the 1st of 3 live recordings in the mix is a version of a wayne shorter composition – probably his most famous. in the sleeve notes (written by josef woodard) to the set that contains the track there is the following quotation from an interview 20 years later with miles

you could tell what part of the note, what part of the sound you could play off of. wayne had some different, each run had. we used to play footprints and the way we were playing it, nobody else could play it like that except for me and wayne.

it’s july again only 16 years later. this is a john mclaughlin composition that was briefly in the setlist. there was an afternoon set and an evening set on the 14th – both long sets, over 2 hours. this track is from the evening set. a week later the band similarly played 2 sets in london at the royal festival hall – i’m pretty sure i was at the 2nd set. ian carr was also there with a backstage pass and he relates seeing miles at the end of the last set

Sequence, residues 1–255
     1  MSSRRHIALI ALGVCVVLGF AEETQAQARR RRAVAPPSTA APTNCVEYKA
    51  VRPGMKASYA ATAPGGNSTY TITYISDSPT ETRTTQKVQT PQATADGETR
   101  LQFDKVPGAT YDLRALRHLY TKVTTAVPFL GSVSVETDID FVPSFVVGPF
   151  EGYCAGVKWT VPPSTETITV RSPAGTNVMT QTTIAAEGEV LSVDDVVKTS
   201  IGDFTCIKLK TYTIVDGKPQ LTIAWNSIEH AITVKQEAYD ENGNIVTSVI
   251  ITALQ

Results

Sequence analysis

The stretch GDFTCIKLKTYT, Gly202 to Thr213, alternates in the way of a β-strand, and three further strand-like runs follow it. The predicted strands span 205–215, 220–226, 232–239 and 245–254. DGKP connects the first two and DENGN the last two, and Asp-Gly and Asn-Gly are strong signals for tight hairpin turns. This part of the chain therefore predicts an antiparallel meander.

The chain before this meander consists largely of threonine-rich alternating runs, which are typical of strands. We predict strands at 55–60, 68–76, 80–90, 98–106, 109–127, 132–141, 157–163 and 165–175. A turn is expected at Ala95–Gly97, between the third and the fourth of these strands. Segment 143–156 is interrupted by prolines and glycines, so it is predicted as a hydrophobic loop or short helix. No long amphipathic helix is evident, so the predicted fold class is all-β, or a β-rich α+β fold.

as soon as he got down the two short flights of steps and out of the audience’s sight, two large men were waiting for him, and each grabbed an arm and supported him as he suddenly sagged and almost caved in

given that wayne shorter has already featured on 2 of the above tracks you would expect me to include at least one track featuring john coltrane but sadly this has not happened i didn’t plan it that way. this is the only track in the mix which was at the period of the 1st great quintet. but on this track chosen late at night reflectively the saxophone laid out.

this comes from another controversial recording session. some reports reckoned that there was a fight between miles and monk.